Milwaukee Talks: Jazz singer Jerry Grillo
Milwaukee jazz singer Jerry Grillo is celebrating 50 years in the entertainment world with a show at The Jazz Estate this week. We talked to him about his long career, which, he reassures, is not over.
A native of Hibbing, Minnesota, Grillo has been a fixture on the Milwaukee music scene for decades now; so long that you'd think he's a hometown boy. And, in a sense, he now is. He's so integrated into the jazz world in Brew City that it's almost hard to imagine it without him.
Grillo, who has collaborated with a wide range of area musicians, celebrates a half century-long career with a performance Wednesday, Sept. 12 at The Jazz Estate. The show runs from 8 until 11 p.m. and includes performances by many great Milwaukee musicians.
Enjoy this Milwaukee Talks with jazz singer Jerry Grillo.
OnMilwaukee: How can it be 50 years when you're only 29? Does it make your head spin a little to think about how long you've been singing?
Jerry Grillo: It definitely does make all of me spin. I have always sing since I was a child, so I have been spinning for a long time. My 50th represents 50 years since I first got my actor's equity card, when starting in the musical "George M" in New Haven Connecticut on 1968. The prospect of turning 30 is daunting! That's considered old to millennials.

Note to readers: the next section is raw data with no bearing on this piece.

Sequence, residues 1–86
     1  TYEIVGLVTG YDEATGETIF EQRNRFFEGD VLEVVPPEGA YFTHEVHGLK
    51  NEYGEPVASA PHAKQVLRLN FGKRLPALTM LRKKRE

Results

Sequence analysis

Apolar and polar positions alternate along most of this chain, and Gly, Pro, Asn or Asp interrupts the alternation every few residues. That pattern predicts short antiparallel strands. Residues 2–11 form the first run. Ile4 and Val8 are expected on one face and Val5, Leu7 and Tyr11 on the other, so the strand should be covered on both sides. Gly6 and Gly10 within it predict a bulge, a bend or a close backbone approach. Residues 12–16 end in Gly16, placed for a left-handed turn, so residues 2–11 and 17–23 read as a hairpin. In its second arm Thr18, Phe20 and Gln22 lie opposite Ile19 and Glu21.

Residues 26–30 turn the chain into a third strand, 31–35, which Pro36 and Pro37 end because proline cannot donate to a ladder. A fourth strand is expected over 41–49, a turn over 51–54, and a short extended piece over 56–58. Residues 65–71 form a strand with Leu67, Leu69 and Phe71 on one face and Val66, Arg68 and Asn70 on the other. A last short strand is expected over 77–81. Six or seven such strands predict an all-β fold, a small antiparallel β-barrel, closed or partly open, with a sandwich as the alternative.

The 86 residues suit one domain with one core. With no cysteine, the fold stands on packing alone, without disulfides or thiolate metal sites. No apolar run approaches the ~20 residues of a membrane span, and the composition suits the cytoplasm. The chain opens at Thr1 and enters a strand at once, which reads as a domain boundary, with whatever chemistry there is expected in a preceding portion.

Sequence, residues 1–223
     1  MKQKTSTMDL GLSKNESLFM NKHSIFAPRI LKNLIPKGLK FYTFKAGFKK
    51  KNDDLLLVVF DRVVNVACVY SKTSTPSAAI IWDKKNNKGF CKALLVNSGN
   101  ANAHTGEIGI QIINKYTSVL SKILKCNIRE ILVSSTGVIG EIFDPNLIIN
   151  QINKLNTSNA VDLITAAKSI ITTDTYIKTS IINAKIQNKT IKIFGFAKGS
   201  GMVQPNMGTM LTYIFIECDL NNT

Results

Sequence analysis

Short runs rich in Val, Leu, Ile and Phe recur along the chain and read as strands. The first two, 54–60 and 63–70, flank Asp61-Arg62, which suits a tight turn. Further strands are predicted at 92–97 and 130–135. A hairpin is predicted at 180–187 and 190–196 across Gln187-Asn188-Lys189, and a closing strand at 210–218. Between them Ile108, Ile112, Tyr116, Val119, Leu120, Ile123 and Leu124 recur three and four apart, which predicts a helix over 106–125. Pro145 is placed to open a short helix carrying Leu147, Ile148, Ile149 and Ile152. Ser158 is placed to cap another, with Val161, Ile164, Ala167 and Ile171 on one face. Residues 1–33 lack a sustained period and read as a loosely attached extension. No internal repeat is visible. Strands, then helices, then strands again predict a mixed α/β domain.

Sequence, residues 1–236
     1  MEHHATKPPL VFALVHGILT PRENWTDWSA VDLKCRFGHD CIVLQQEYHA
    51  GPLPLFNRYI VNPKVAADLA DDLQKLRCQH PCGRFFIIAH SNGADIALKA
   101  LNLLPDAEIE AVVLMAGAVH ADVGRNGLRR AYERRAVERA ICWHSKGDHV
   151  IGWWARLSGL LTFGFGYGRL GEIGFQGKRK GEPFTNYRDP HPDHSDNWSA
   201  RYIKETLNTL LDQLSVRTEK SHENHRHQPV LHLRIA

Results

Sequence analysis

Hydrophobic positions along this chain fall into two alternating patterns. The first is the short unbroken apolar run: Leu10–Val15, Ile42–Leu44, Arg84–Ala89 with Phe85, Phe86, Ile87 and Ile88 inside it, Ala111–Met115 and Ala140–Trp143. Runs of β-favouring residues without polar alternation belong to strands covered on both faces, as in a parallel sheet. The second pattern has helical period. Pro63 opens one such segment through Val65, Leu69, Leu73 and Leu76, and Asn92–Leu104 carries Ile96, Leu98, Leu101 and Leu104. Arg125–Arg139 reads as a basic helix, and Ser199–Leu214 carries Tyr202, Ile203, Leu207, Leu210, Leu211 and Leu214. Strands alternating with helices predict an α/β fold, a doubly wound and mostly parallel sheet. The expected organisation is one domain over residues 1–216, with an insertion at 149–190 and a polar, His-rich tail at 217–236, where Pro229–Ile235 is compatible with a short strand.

Take us back to growing up. You have something of a Dylan connection, don't you?
I did grow up with Dylan ... Zimmerman at the time. His home is four blocks away. He was certainly not your "average" Hibbing guy. We had the same English teacher who influenced all of us, (in) a million-dollar high school built in 1920. All teachers had to have master's degrees. Very progressive. We had an opera class in seventh grade.
I come from a hockey family, but I was learning to figure skate instead. My oldest brother was very well-known in hockey circles and my other brother (drummer Warren) was in a rock band with a No. 1 record (The Renowns' "My Mind's Made Up") in various markets around the country in 1963. Went to college at University of Minnesota-Duluth and had my first musical lead role at the Duluth Playhouse in 1965,"The Fantastiks."
Hibbing was the Iron Ore Capital of the World; a town of immigrants. I had friends of many ethnic backgrounds. Dad worked in open pit mines for 40 years. Absolutely amazing in a town I refer to as "Camelot."
How did you get into music and singing, specifically?
I was always singing growing up, but got into actual theater in college. I was student teaching at the time in business classes in Duluth. Professionally, I count from 1968. I am not finished with this career. This only a milestone. I hardly can believe it's 50 years. I'm a perennial.